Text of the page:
In the Spring of 2012, game designers James Ernest and Paul Peterson invented a press-your-luck card game called Quicksilver, played with a standard poker deck. In Quicksilver, players try to get the best poker hand by taking cards one at a time. Quicksilver was later modified into a custom deck game, using a Tarot-style deck, and the rules were modified to include “losing” as well as “winning,” based on different combinations of cards. Although Quicksilver is still unpublished, that game laid the foundation for Pairs, Ernest and Peterson’s “New Classic Pub Game.”
James Ernest is no stranger to pub games. He was the lead designer for the Fable II pub games (Microsoft / Lionhead, 2008), and has published dozens of similar games through Cheapass Games. James is also an avid casino gambler, and the co-author of two poker books, including Dealer’s Choice, with Mike Selinker and Phil Foglio.
What defines a “pub game?” Ernest says “Pub games are quick, simple, and portable. Players should be able to watch one game and join in the next. It also doesn’t hurt if you can play for money.” Technically, Ernest distinguishes a “pub game” from a “casino game” in that the former doesn’t have a house player, or any built-in advantage for the house.
In the summer of 2013, Ernest and Peterson set out to create a new pub game based on Quicksilver, and invented Pairs. The core mechanic is that getting a pair is bad. Based on that, the game designers adopted a 55-card triangular deck: one card of rank 1, two of rank 2, and so on up to rank 10. This distribution changes the odds of getting a pair based on the rank of the card, a nuance that’s missing from the standard poker deck.
“We had a concept for a more complex deck,” explains Ernest. “We’re math guys, so we overcomplicate things. Using the same number of cards, you can actually create a deck numbered 1 through 10 in three different directions, which we called a ‘Pyramid’ deck. Pairs only has one of these dimensions, so we tend to call it a ‘triangle.’ We brainstormed a few games for the Pyramid deck, but they mostly wound up using only one dimension. So usually the Pairs deck can do the same job, with much simpler labels.”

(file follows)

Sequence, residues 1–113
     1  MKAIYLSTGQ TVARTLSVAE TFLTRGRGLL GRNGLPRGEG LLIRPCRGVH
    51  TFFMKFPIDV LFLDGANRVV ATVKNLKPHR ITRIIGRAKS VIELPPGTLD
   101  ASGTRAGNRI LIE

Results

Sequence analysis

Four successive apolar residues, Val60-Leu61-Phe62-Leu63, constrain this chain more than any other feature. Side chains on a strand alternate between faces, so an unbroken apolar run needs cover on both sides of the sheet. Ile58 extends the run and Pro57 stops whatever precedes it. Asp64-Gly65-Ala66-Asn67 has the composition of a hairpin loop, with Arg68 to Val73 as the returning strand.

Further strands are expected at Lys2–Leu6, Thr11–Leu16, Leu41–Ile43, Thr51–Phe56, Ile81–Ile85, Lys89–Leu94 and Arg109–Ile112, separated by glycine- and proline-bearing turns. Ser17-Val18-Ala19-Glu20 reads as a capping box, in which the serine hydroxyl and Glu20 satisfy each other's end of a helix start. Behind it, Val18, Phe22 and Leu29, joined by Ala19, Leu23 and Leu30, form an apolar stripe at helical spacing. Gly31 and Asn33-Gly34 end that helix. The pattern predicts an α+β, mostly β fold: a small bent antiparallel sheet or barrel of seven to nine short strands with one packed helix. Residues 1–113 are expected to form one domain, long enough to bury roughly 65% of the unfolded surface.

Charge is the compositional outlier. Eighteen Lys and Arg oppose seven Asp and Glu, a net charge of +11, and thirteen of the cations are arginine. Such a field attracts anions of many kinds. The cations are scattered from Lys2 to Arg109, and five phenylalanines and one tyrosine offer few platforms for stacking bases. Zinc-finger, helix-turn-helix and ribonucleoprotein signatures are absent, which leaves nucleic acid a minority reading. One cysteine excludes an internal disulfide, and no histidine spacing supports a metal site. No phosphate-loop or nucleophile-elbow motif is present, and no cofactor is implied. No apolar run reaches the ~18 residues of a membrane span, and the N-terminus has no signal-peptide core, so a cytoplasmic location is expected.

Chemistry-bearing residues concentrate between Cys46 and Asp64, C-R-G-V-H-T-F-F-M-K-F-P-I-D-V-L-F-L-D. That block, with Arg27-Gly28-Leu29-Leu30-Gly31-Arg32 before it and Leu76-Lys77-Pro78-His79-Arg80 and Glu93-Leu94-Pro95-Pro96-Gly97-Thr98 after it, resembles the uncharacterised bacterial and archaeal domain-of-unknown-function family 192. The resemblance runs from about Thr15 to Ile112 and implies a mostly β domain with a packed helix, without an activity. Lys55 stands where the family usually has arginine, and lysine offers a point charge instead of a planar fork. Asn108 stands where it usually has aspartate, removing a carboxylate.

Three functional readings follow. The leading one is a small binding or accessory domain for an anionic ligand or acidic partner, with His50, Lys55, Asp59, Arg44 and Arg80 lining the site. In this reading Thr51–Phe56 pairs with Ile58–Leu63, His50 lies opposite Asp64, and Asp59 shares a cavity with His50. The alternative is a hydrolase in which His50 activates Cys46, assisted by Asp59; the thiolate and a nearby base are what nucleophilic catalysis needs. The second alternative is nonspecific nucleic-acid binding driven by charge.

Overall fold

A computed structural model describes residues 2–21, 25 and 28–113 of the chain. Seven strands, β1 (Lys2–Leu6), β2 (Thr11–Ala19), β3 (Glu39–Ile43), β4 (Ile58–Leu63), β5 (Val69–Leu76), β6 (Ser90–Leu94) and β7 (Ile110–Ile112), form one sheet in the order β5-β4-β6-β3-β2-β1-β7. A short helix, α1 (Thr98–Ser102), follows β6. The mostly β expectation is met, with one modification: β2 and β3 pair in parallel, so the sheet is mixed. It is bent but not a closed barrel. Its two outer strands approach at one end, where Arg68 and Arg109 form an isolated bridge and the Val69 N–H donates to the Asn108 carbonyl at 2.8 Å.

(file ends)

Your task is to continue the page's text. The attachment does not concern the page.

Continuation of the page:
Based on the simple mechanic of “pairs are bad,” Ernest and Peterson developed Pairs around penalty points. When you get a pair of 10s, you score 10 points, and points are bad. This accentuates the triangular dynamic of the deck, making 10’s super-risky. When you earn too many points, you lose the game, and rather than paring the players down to one winner, the game ends with only one loser.
James Ernest traveled to several conventions and shows with Pairs in the Fall of 2013, including the Global Gaming Expo, where he bounced it off some of the casino industry’s top math professionals. He also made sure to test the game with “non-gamers,” getting great results with nearly every type of player, and over the course of several months he honed the mechanics and worked out the math.
“The question of whether to take a card is a complex puzzle,” muses Ernest. “The solution can depend on the rank of the card, your current score, what cards you have seen, and even your estimation of the other players’ skill levels. If there were a simple method for playing correctly, the game would be boring. We worked out the numbers to make sure this wasn’t true.”
Pairs was introduced to the world in Spring 2014. It was a great success, partially due to a partnership with Patrick Rothfuss, who lent his stories and images to four of the twelve first-generation Pairs decks, bringing in a steady stream of interested new gamers.
The core Fruit Pairs deck plays on the name of the game, with simple artwork of fruits and vegetables, and a Pear on the 1 (which, ironically, can’t be paired). Some limited-edition decks from the first year include Pete Venters’ Goblin Deck, John Kovalic’s Shallow Ones, and Echo Chernik’s Barmaids.
Each Pairs deck comes with its own game variant, and all the variants are collected online at playpairs.com. Some favorite games include:
Pairs is a card game for two-eight players ages 10 and up. The original Fruit Deck, limited edition art decks, and the newest Pairs game, Deadfall, are available at fine game retailers for $10 each. Learn more about Pairs at PlayPairs.com and Cheapass.com.